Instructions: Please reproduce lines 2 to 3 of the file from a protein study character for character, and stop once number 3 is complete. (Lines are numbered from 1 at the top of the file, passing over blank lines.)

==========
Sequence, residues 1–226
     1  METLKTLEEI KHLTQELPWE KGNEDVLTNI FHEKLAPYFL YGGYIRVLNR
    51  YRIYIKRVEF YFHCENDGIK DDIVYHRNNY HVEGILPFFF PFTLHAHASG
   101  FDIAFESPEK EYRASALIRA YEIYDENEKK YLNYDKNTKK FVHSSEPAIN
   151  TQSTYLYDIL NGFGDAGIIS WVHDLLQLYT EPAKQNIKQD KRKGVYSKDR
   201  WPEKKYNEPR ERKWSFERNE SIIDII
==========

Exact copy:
     1  METLKTLEEI KHLTQELPWE KGNEDVLTNI FHEKLAPYFL YGGYIRVLNR
    51  YRIYIKRVEF YFHCENDGIK DDIVYHRNNY HVEGILPFFF PFTLHAHASG